|Available at Amazon.com|
|Available at Amazon.com|
I always assumed that lawyering was a means to an end for me. A way to make contacts and gain necessary life experience and marketable job skills for whatever it is I decide I'm passionate about (writing my memoirs in short essays; opening my own day care/nursery school; becoming a professional organizer).
In this Corporette thread discussing whether happy lawyers exist, the ladies dole out some great insight. I especially liked how Kat mentioned that there are people who like law school and people who like practicing law.
I'm not sure where I fall right now, because when I started law school I LOVED IT. But I loved it relative to what I had been doing - being an English-speaking puppet for a country-bumpkin school in Korea for a year (disagreeing wholeheartedly with everyone I had to take orders from not only about education methods and materials but also with the actual substance that I was teaching).
Compared to "working," I fell back into law school and loved it. I loved preparing for class - I loved thinking there was a right answer, I loved the class discussions and the intellectualness of it all. THEN, I started to dislike it. After having "worked," I realized that school is NOT such a big deal. Missing a reading or getting something wrong in class was NOT the end of the world - I had been in worse "emergency" situations in the past year and survived. And perhaps that's where I got too lax.
Although I appreciate the perspective that "working" gave me - that a bad answer or less than stellar grade wasn't the end of the world (there ARE other people whose bad decisions and bad consequences are much worse than "a B+! Oh, NO!!!"), I also think it let me be too forgiving of myself. In that vein, I also lost focus of what I wanted. Since nothing seemed to be a life or death matter for me, I stopped asking myself the hard questions: What did I want to do? What did I like to do? What made me feel good? What could I see myself doing for the next 20-30 years of my life?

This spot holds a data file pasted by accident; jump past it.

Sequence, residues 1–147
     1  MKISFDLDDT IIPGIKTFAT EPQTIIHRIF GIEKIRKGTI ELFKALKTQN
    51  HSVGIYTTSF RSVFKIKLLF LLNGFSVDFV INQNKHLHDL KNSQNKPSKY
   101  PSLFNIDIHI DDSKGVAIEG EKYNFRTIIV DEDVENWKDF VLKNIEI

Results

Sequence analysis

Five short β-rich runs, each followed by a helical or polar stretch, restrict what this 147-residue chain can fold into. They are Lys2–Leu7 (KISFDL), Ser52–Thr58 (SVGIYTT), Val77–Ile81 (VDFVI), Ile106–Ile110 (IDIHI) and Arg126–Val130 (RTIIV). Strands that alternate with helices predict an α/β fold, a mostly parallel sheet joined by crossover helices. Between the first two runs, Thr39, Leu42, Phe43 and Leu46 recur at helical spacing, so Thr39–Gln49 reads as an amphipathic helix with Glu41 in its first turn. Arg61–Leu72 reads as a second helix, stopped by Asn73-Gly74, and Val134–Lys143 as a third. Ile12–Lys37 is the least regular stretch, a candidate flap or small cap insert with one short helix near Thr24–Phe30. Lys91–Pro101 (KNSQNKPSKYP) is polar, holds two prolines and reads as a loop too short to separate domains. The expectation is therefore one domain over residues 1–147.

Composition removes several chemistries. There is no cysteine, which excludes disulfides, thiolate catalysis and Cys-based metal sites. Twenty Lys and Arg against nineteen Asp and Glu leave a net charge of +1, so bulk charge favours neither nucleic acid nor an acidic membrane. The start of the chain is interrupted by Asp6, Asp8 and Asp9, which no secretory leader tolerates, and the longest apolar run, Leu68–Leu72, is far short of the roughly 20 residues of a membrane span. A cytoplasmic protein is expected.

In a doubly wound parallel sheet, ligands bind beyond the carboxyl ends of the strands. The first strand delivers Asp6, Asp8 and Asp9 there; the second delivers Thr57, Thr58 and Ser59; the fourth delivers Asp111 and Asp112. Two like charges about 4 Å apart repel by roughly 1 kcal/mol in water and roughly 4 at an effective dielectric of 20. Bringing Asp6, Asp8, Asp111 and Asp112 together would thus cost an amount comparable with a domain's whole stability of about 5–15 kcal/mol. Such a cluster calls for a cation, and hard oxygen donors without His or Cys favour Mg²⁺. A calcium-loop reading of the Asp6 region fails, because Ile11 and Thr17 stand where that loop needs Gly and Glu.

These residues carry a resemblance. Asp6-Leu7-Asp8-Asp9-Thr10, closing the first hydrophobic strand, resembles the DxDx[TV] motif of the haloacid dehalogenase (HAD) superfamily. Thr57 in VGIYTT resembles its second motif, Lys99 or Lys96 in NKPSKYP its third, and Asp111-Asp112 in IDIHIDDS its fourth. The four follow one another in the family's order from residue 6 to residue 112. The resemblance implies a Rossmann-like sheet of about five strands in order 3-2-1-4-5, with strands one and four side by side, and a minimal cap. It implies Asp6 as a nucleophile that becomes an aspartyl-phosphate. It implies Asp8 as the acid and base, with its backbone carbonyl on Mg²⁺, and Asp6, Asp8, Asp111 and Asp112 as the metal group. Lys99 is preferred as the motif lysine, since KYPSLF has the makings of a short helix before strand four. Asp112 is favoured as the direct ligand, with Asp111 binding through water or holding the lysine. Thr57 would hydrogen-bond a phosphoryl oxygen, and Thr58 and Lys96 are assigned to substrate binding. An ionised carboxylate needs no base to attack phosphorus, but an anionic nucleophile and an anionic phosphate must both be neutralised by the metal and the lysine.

Even now, I don't know if there are any "happy" lawyers - for a lot of my friends it seems like this is the lot they chose and now they must make do. And there's a sense of not being able to complain because we are considered so lucky (can't complain about your challenging lawyer job when there are so many people fighting for those positions). Nonetheless, it seems like the job is something some of them merely "put up with" - but for what? The money? Perhaps, we are, presumably, responsible adults who understand how education loans work and the promise we made to pay them back.
But what else? Why are my friends lawyers? So many of them spoke of "changing the world," "making a difference," "helping people who really need it," and now nearly all of them are working in BigLaw at large firms who cater to corporate clients - more often than not defending their clients from indigent or vulnerable folks who have (most likely) been taken advantage of.
I believe I may have lost my kernel of thought - but I guess, I wish I knew more to finding this answer. I recently attended a networking event of women from my undergraduate alma mater and was not surprised to find that I was 1 of 5 JDs in the room. I WAS disappointed to find that I was 1 of 2 currently practicing attorneys and that the other 3 had transitioned into completely non-law-related careers and the 1 practicing attorney had just moved from commercial litigation to an in-house gig and that they were ALL SO HAPPY with their choices to leave practicing BigLaw.
One last note, the guys I've met (who are lawyers) seem to be more accepting, if not satisfied, with their lives as lawyers. On the flip side, many of the women I've met are much more unhappy and much more vocal about their unhappiness. Unfortunately, I'm a woman - so guess what the odds are saying?
One real last note, I think it's important to consider if you're really happy in your job, but it's probably also worth considering if you NEED to be really happy in your job. I've never been one to define myself by my career - and so my career is not where I get the "meaning" or "purpose" in my life. As long as my career/job gives me the means to do what I want OUTSIDE of work and doesn't interfere with my life outside of work too much/unnecessarily, I think I'd find myself pretty happy.
This isn't a very focused post - but just some thoughts thrown together around a fairly loose topic...